Tuesday, December 2, 2008

The Erosion of Inerrancy

Jim Hamilton (SBTS Biblical Theology Professor) posted the following this morning at his blog:

This year’s Crossway Lecture at ETS was presented by G. K. Beale. Beale argued that Inerrancy is not a scholastic theological deduction made by interpreters of the Bible, but rather that it is an exegetical observation of a theological deduction that at least one biblical author has already made within the text of the Bible itself. Citing the logic of innerancy:

  • God is true and trustworthy, and he never lies, deceives, or makes mistakes.
  • The Bible is God’s revelation of himself.
  • Therefore the Bible never lies, deceives, or makes mistakes.

Beale argued that John has already made this argument and drawn this conclusion for us in the book of Revelation. The gist of Beale’s argument went like this:

Revelation 3:14 presents Jesus identifying himself as “the Amen, the faithful and true witness.”

Later in Revelation an angel commands John to “Write,” and then the angel declares to John, “These are the true words of God” (Rev 19:9).

Later still in Revelation the one “who was seated on the throne” commands John, “Write this down, for these words are faithful and true” (Rev 21:5).

And again we read in Revelation 22:6 that an angel says to John, “These words are faithful and true.”

From this string of verses, Beale argued that John has presented to his audience the very logic of inerrancy:

  • Jesus is the faithful and true witness, revealing what God has given him to show his servants.
  • John is commanded to write the faithful and true words of God.
  • Therefore the words that John has written are also faithful and true.

Beale then argued that based on the inter-textual connections between Revelation 3:14 and Isaiah 65:16, and based on the claims made in other texts in the Bible (such as Ps 119:137-42, and cf. Ps 119:103 with Rev 10:9-10) this logic is not limited to the book of Revelation.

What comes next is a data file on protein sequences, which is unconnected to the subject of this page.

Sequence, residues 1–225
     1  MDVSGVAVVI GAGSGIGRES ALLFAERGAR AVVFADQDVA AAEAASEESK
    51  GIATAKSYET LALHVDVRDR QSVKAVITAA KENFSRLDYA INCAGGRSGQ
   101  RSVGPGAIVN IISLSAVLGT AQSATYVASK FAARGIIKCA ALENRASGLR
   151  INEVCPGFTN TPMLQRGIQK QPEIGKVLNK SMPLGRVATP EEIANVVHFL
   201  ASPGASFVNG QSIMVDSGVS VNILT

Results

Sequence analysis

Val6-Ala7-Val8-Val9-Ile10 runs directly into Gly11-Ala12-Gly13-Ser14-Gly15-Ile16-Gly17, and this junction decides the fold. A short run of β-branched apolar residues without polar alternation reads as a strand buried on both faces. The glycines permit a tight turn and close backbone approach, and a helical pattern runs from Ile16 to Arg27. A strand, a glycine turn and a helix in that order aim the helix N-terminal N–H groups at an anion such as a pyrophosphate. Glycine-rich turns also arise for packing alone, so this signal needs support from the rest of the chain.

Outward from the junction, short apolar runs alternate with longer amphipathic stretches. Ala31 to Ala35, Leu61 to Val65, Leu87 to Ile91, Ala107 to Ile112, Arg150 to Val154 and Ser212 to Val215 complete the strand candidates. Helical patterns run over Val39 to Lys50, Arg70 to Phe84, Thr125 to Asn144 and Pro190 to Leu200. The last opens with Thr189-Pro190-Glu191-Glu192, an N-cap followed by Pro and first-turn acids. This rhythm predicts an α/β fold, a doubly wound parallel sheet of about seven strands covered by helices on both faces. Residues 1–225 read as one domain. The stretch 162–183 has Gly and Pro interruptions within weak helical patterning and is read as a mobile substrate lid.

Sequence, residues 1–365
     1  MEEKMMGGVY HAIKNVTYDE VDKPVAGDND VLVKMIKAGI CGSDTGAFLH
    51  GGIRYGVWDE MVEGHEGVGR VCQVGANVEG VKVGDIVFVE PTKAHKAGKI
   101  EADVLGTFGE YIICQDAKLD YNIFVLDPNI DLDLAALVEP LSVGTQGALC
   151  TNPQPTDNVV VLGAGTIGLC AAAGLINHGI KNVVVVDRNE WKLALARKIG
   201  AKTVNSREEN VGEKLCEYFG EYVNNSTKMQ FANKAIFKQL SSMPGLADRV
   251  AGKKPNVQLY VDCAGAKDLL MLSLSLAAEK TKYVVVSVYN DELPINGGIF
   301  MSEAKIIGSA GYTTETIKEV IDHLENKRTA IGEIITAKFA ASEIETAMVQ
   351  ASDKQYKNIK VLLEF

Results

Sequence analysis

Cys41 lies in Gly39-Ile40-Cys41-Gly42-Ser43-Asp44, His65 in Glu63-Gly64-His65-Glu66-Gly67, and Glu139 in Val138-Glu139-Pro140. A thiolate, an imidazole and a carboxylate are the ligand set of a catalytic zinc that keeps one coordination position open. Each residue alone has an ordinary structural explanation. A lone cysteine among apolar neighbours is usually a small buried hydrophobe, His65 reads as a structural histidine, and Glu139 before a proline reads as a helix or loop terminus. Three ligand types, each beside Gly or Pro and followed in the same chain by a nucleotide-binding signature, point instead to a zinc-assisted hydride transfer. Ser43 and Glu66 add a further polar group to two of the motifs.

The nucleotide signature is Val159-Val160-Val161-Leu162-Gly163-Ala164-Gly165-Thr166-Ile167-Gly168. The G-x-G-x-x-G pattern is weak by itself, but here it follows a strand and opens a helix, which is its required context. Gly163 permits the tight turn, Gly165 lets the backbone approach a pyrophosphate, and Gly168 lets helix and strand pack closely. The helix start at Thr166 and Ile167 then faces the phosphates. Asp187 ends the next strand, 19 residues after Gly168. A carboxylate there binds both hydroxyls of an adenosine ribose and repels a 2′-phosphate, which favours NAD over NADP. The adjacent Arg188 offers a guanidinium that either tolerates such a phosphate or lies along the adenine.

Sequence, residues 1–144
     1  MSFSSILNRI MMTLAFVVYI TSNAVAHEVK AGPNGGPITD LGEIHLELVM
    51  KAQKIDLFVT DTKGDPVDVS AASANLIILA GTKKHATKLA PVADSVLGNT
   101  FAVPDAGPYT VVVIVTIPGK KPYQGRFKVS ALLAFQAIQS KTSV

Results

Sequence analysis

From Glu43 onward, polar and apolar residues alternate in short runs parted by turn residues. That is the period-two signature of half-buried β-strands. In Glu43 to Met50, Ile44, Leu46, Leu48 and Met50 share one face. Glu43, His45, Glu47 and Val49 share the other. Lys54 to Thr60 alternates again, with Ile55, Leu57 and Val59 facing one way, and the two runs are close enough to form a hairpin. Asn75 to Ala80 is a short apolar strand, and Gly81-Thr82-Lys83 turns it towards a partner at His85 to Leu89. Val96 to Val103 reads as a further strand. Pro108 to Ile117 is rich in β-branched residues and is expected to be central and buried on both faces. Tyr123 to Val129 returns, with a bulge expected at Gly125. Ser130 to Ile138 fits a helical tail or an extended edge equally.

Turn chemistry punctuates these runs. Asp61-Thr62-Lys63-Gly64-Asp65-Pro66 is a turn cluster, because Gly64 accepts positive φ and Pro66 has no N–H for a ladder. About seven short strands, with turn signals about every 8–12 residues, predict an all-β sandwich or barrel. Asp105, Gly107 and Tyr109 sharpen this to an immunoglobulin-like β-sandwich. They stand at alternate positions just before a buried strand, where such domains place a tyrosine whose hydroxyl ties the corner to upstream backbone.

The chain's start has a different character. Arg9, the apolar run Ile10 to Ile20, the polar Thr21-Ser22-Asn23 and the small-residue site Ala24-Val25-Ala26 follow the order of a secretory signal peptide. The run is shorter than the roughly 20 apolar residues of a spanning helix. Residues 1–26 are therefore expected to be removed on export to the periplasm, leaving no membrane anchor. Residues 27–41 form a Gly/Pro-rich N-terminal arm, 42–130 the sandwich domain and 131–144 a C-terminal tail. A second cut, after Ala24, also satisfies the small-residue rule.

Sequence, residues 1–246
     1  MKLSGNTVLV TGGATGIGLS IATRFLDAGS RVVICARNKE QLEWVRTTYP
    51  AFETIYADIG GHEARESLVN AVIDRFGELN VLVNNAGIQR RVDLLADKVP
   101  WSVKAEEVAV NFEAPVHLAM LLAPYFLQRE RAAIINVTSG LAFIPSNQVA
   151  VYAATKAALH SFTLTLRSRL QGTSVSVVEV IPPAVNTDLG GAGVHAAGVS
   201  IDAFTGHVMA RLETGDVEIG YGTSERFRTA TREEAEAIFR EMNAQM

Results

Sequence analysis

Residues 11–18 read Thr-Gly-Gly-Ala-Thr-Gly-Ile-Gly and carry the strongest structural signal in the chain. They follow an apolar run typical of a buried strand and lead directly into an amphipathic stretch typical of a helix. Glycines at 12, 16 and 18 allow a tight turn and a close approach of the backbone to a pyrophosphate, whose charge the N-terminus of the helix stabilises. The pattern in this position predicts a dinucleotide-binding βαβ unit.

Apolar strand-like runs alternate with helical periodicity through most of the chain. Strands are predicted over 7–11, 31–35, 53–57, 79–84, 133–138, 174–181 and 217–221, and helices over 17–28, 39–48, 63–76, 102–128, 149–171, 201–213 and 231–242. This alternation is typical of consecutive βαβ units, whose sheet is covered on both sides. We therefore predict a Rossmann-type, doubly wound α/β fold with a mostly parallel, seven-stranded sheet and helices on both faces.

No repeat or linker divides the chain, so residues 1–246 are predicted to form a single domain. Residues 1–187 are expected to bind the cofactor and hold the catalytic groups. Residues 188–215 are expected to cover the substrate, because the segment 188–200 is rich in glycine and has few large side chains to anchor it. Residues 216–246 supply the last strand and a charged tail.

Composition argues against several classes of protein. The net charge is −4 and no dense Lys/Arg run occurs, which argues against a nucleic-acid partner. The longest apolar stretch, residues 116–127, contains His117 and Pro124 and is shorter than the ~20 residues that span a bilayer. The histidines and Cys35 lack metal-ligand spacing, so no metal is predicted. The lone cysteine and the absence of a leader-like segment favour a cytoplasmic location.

I thought the presentation was compelling, and in my view it adds to the evidence supporting the position that the inerrancy of the Bible is not some foreign theological abstraction imposed on the Bible from the outside. Rather, Beale has demonstrated that the inerrancy of the Bible is an inductive, exegetical conclusion that arises from the claims the Bible makes about itself.

Beale has also given us an important new book on the inerrancy of the Bible, The Erosion of Inerrancy in Evangelicalism: Responding to New Challenges to Biblical Authority.

Herein Beale takes on significant questions that have been raised in recent days regarding the world-picture/cosmology that is presented in the OT and the suggestions that the OT authors have assumed “mythological” elements of their cultural heritage, and many other issues. Beale is characteristically meticulous, careful, thorough, and biblical.

This is an important book that comes at a significant time.

The word of the Lord will stand forever, and we can thank G. K. Beale for helping us think carefully about how to resist the forces that would chip away at our confidence in the Bible’s reliability.

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